This is Part 03 of my Fujifilm X100T series, in which I share a bunch of photos that I've taken with the camera so far and talk about how I ended up deciding to buy it.
In Part 01, while discussing my experience trying out the Sony RX1 and A7R, I concluded that I wasn't very impressed with the camera. Some people might be surprised to know that conclusion actually had much less to do with technology and image quality than it did with how these objects are physically designed and engineered.
I mentioned that the RX1 felt very much like a camera designed by a software engineer, and I stand by this. Knobs and buttons weren't where I wanted them to be, build quality felt distinctly electronics-y (I'm making up words now), and everything on a whole was rather uncomfortable. It just didn't feel natural in my hands.
Around the same time that I was interested in the Sony offerings, a hyped up little camera, crafted from a single block of hand-polished-by-a-German aluminum, called the Leica T was just making its way into the hands of reviewers. Luckily for me, being in New York, I was able to get my own hands on a Leica T at the Leica Store in SoHo. They went on to be sold out for months, though I wonder how many were actually made and sold. My guess is very few.
Now, this was also around this same time that I was finishing up Claye, and just barely starting Lovably Grey, so I didn't actually buy one. The T is over $3,000 for the body and lens, and I had quite a few expenses from getting these projects off the ground. On top of that, I didn't even have any real income until September. In fact, when Lovably Grey's site went live for the first time a year ago, I had all of $6 in my personal bank account, so I clearly had no intentions of buying a high-end $3,500+ camera at the time.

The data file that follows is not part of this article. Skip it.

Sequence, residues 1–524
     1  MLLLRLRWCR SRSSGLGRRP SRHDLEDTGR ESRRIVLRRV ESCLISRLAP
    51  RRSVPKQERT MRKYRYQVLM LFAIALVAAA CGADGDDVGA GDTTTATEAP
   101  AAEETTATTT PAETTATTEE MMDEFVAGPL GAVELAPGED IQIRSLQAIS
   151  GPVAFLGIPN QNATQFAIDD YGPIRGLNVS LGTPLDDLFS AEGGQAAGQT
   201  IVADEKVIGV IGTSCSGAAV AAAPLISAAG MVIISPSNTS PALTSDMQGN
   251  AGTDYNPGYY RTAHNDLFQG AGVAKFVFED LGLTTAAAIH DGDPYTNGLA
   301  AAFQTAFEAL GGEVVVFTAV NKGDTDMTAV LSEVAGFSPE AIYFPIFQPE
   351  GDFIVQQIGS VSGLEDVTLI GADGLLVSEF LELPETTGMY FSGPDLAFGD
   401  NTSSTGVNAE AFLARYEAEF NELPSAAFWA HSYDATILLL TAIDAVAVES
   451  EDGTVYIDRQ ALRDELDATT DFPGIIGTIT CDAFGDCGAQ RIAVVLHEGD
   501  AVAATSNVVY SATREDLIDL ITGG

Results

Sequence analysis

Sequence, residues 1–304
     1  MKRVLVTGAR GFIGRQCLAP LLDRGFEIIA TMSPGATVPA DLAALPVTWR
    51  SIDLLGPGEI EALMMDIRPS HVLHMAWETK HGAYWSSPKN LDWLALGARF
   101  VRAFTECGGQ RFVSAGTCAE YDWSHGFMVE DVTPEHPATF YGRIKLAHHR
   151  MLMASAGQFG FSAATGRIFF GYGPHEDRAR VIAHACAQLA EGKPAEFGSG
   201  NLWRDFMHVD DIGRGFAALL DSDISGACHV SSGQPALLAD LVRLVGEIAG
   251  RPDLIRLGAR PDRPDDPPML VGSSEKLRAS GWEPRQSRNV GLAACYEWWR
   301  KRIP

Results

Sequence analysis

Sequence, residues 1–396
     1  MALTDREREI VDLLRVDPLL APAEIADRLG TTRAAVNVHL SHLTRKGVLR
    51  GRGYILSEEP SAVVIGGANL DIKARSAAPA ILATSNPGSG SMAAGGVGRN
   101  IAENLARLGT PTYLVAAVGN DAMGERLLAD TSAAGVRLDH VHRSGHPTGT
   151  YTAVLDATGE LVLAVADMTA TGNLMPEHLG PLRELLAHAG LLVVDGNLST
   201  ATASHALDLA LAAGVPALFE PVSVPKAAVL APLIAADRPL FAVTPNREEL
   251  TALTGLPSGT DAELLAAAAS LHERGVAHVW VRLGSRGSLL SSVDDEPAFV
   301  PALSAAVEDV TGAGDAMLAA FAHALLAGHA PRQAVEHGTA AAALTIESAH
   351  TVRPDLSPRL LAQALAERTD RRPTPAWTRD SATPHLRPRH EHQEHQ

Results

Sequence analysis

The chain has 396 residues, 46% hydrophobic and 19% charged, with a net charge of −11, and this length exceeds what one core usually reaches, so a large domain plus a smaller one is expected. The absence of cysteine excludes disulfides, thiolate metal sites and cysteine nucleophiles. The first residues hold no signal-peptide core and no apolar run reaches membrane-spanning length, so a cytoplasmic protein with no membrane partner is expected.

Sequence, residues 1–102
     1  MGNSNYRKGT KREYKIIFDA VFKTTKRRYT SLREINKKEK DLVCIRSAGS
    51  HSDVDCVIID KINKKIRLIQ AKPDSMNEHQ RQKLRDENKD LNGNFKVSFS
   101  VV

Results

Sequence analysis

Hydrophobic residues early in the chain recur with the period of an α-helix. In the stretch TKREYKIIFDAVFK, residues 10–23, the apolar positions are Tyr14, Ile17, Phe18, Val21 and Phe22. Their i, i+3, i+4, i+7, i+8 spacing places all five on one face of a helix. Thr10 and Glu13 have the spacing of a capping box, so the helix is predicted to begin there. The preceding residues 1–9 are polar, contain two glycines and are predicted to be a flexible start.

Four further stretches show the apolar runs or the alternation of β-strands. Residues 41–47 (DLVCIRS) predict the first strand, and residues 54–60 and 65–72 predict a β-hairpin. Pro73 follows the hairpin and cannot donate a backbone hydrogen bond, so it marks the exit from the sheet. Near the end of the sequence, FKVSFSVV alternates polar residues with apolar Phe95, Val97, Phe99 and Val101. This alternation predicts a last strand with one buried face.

But I really enjoyed learning about photography and shopping for the right camera, even if I couldn't buy one.
Visiting the Leica Store to see the T was a lot of fun, though I ended up liking the very expensive and limiting Leica M more than the less expensive and trendier T. I tried so hard to convince myself that the T was great, but I don't think I was right about that.
The almost exclusively touch-screen interface worked far better than previous touchscreen cameras, but it still sucked. That was a deal-breaker. Even the Leica Store employee was consistently confused. He tried telling me on multiple occasions that I needed to 'press really hard and slide down' to see my previous shots.
'You're not pressing hard enough, I think!'
Definitely not something you believe if you know how modern capacitive touch screens without pressure sensitivity work. The dude just didn't know how to use it.
More on this story in Part 04.
As with the previous two parts, all images were taken by me through the lens of a Fujifilm X100T (affiliate link). If you have any questions about the camera or my setup, feel free to reach out to me on Twitter.